Under Fed.R.Crim.P. 11(f), the court must be satisfied before accepting a plea of guilty as to a count that there exists a factual basis for the plea. If Savage was in fact not a member of the conspiracy described in the indictment, then there was no factual basis for the plea, and it would have been error for the judgment to have been entered on the plea. See Nevarez-Diaz v. United States, 870 F.2d 417 (7th Cir. 1989). Savage insists that he conspired only with Lucy Rodriguez and not with Gonzalez, Riley, Rhodes and Lockhart as charged in the indictment. The following exchange took place at the Fed.R.Crim.P. 11 hearing:
THE COURT: And what are you agreeing with the Government that you did?
SAVAGE: That I knowing — conspired to distribute cocaine and that these individuals [are] responsible for all the following distributions of cocaine, but I agree that I only participated in Count 1.
Count 1 of the indictment charged Savage, along with Gonzalez, Riley, Rhodes and Lockhart, with conspiracy to possess cocaine with intent to distribute.
Act number three refers to the December 4, 1987 buy, in which Savage sold Steven Riley 28 grams of 92% pure cocaine.
THE COURT: You participated in the one act?
SAVAGE: Yes. . . .
THE COURT: But you are agreeing that all these other acts occurred, correct, among the other conspirators?
SAVAGE: That I could have reasonably foreseen that, yes.
In regard to act number three, the December 4 sale, Savage stated, "I had knowingly and intentionally met with Steven Riley and conspired to sell him an ounce of cocaine."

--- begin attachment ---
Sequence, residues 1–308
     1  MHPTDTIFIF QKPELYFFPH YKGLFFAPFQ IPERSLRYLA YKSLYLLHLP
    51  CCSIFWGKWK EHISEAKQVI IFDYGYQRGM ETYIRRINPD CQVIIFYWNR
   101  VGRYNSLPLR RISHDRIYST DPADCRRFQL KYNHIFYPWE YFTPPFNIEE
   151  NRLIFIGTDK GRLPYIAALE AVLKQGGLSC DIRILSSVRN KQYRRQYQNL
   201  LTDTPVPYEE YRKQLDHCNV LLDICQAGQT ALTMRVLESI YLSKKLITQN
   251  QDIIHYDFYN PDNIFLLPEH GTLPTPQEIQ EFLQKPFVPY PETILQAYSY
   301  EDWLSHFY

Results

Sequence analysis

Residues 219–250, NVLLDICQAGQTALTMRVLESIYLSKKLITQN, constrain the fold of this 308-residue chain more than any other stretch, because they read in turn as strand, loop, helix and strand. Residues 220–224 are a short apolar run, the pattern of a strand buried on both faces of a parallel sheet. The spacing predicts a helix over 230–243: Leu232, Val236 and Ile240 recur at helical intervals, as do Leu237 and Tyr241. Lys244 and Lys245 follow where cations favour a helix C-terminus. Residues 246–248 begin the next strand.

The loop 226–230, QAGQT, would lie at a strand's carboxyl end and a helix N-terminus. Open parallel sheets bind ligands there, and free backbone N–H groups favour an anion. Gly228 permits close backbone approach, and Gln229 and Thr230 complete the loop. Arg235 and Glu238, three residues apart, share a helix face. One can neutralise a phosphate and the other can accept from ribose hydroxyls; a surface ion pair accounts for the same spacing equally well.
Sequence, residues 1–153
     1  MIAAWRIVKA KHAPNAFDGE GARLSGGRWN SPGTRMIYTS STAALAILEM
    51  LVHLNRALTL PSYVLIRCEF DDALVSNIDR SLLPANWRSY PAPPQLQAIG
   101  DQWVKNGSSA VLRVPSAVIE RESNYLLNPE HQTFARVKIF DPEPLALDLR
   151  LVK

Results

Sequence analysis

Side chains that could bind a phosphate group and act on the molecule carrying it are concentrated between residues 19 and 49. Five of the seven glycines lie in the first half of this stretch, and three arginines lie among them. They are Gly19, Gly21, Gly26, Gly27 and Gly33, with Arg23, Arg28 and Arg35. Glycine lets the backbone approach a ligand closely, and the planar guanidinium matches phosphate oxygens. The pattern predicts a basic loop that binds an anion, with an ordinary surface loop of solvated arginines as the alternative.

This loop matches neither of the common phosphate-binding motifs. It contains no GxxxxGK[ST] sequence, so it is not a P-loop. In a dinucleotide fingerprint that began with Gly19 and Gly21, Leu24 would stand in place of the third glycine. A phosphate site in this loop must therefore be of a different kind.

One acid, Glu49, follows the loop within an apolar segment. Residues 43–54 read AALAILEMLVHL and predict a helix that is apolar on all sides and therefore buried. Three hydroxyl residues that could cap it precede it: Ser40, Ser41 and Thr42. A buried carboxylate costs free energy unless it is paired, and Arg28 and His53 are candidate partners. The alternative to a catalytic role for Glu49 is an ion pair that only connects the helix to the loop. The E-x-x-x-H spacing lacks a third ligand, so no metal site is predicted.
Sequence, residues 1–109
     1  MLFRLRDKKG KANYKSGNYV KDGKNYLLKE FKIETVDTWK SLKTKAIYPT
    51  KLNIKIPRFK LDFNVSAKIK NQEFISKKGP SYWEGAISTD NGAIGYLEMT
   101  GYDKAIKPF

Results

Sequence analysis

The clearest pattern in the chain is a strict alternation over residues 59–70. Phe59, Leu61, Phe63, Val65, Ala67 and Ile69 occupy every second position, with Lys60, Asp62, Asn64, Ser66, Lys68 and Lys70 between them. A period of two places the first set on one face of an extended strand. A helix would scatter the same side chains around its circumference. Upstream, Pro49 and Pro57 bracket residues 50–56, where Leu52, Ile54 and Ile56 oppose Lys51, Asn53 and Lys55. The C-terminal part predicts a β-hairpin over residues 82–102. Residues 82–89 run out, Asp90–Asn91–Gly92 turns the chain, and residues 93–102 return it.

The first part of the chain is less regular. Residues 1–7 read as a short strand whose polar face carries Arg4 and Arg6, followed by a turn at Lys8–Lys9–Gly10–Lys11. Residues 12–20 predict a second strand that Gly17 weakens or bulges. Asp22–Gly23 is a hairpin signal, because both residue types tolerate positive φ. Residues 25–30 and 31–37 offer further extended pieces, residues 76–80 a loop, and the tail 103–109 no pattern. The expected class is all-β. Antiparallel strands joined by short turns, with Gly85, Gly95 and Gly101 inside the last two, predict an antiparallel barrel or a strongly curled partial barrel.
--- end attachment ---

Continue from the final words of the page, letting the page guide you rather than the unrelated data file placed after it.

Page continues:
Membership in a conspiracy does not require direct involvement with each and every act of the conspiracy. It requires only that the defendant know of the conspiracy, that he intend to associate himself with its criminal purpose, and that he perform some act to advance the ends of the conspiracy. United States v. Adamo, 882 F.2d 1218, 1223-24 (7th Cir. 1989). "A conspiracy is a `combination or confederation between two or more persons formed for the purpose of committing, by their joint efforts, a criminal act.'" United States v. Diaz, 876 F.2d 1344, 1351 (7th Cir. 1989) (citations omitted). A defendant may be found guilty of membership in a conspiracy to distribute narcotics if the government proves that the defendant "knew of the conspiracy to distribute drugs and that he intended to join and associate himself with its criminal design and purpose," United States v. Griffin, 827 F.2d 1108, 1117 (7th Cir. 1987), cert. denied, 485 U.S. 909, 108 S.Ct. 1085, 99 L.Ed.2d 243 (1988), and that the defendant acted with intent to advance the ends of that conspiracy. "Mere association, knowledge or approval of a conspiracy is not sufficient to prove a defendant's guilt. However, while `mere presence at the scene of the crime or mere association with the conspirators will not themselves support a conspiracy conviction . . . presence of a single act will suffice if the circumstances permit the inference that the presence or act was intended to advance the ends of the conspiracy'". United States v. Xheka, 704 F.2d 974, 988-89 (7th Cir. 1983), quoting United States v. Mancillas, 580 F.2d 1301, 1308 (7th Cir.), cert. denied 439 U.S. 958, 99 S.Ct. 361, 58 L.Ed.2d 351 (1978). See also United States v. Carrasco, 887 F.2d 794, 807-08 (7th Cir. 1989). "[O]ne who buys [drugs] from a conspirator for resale is a member of the conspiracy if he knows at least its general aims." United States v. Marks, 816 F.2d 1207, 1212 (7th Cir. 1987). Savage admitted receiving cocaine from Rodriguez for sale to Steven Riley, and he further stated that he had no knowledge as to where others were involved in similar transactions with Rodriguez. "Once a conspiracy is shown to exist evidence that establishes a particular defendant's participation beyond a reasonable doubt, although the connection between the defendant and conspiracy is slight, is sufficient to convict." United States v. Vega, 860 F.2d 779, 795 (7th Cir. 1988). Savage's voluntary admissions provided sufficient evidence that he was associated with the Rodriguez conspiracy, which included all the persons named in the indictment, and that he actively participated in achieving the ends of the conspiracy in selling cocaine to Steven Riley. Therefore the trial judge did not err in reaching the conclusion that a sufficient factual basis existed in the record for him to find that Savage was a member of a conspiracy which included all persons named in the indictment. We hold that it was not an abuse of discretion for Judge Moody to accept his plea of guilty to the charge of conspiracy to possess cocaine with intent to distribute.